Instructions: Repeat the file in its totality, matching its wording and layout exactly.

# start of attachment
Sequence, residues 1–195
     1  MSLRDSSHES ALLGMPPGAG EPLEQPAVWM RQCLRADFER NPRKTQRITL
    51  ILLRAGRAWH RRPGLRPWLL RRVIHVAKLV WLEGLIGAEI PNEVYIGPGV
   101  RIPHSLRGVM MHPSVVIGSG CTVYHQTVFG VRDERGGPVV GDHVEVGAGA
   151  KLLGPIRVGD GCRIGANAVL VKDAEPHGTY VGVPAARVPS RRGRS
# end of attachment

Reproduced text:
Sequence, residues 1–195
     1  MSLRDSSHES ALLGMPPGAG EPLEQPAVWM RQCLRADFER NPRKTQRITL
    51  ILLRAGRAWH RRPGLRPWLL RRVIHVAKLV WLEGLIGAEI PNEVYIGPGV
   101  RIPHSLRGVM MHPSVVIGSG CTVYHQTVFG VRDERGGPVV GDHVEVGAGA
   151  KLLGPIRVGD GCRIGANAVL VKDAEPHGTY VGVPAARVPS RRGRS